I own a Macbook Pro thats original HDD has been replaced with a SSHD, and the optical drive removed and replaced with a second SSHD. I have OS X installed to the drive in the optical bay, and Windows installed to the main bay. I can boot between them using the Bootcamp stuff or by holding Option during boot, there are no problems.

I just installed Ubuntu 14.04 to some extra space on the Windows/main bay drive, with a single ext4 partition. (I plan on using a swap file instead of partition) However, I haven't been able to successfully set up any bootloaders to triple boot. Here's what I've tried:

1. OS X Startup Manager

This menu only lists OS X, Recovery and Windows systems to boot into. I think this is because Ubuntu is installed on an ext4 partition. Can Apple's built-in Startup Manager see ext4 partitions?

2. rEFIt

rEFIt didn't work at all with multiple-drive setups, as their website says.

3. rEFInd

This is where things start to get weird. When rEFInd first shows up, it displays nothing but OS X (and OS X Recovery) If I first go into OS X's Startup Manager, then into rEFInd, it shows up with all three of my operating systems and boots into them properly. (With Ubuntu, I accidentally installed GRUB so it goes through ANOTHER step, but that can be removed)

Should I install GRUB to OS X? Would that work? Any help would be much appreciated.


Boot loaders are SOOOO last century. Take some aspirin and get a copy of Virtual Box or VMware Fusion (the latter is my preference). Then you can run virtual machines simultaneously and avoid the boot loader nightmare. And you'll have the added benefit of being able to snapshot your images at a point in time and even branch the images for testing multiple scenarios.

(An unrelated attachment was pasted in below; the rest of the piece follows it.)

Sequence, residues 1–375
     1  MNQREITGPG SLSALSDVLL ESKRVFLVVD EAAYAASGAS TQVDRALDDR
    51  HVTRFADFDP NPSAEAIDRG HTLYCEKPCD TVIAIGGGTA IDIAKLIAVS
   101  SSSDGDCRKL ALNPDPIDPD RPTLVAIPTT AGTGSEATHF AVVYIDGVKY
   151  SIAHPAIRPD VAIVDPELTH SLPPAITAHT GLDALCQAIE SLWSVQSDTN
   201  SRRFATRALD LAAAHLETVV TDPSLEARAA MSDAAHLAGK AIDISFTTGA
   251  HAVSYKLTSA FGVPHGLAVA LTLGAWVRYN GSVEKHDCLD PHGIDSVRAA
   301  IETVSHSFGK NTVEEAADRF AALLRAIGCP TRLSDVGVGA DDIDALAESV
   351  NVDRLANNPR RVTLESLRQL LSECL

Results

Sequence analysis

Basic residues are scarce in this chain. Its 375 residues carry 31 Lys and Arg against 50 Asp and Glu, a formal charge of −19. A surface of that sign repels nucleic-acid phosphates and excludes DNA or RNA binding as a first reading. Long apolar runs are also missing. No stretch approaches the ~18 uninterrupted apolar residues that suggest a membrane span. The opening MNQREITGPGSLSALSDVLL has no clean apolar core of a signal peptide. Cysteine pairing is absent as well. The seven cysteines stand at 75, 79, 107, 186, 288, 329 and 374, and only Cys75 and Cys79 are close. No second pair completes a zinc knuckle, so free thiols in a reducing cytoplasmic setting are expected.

Please, do yourself a favor and drop the boot loaders! ;-)

  • The OP was asking how he could triple-boot. There are many reasons why someone wouldn't want a virtual machine. Too slow, too hard to manage, etc., etc. – QuyNguyen2013 Jul 28 '14 at 19:48
  • Understood but sometimes we try to fit a round peg into a square hole and wonder why it won't fit. I was offering a suggestion that addresses the core problem and alleviates the burden. If the OP has no desire to use a hypervisor, they're within their purview to say so. – SaxDaddy Jul 28 '14 at 19:56
  • Thanks for the suggestion, but virtual machines are not feasible in my situation. It's simply too slow, especially in Windows where I need to run very processor intense programs like Solidoworks, and just 3D games in general. I do use Virtual Box often, but for some purposes I NEED to be able to boot into the OS. – Matt Reynolds Jul 30 '14 at 18:32
  • One last thought, FWIW. If you have external SSDs and/or bootable partitions on them, you can hold ALT when the Mac boots and use the Apple boot manager to get to whichever one you want. Not sure if that will work with your different OSs but it might save you a step. GL. – SaxDaddy Jul 30 '14 at 20:46

I've found a workaround for the time being is to simply use OS X's standard bootloader and select 'Windows'. Because I have GRUB installed on that drive, instead of booting into Windows it takes me to GRUB's boot manager, where I can then choose Ubuntu.

Not perfect, as I still have to go through two steps, but it works.

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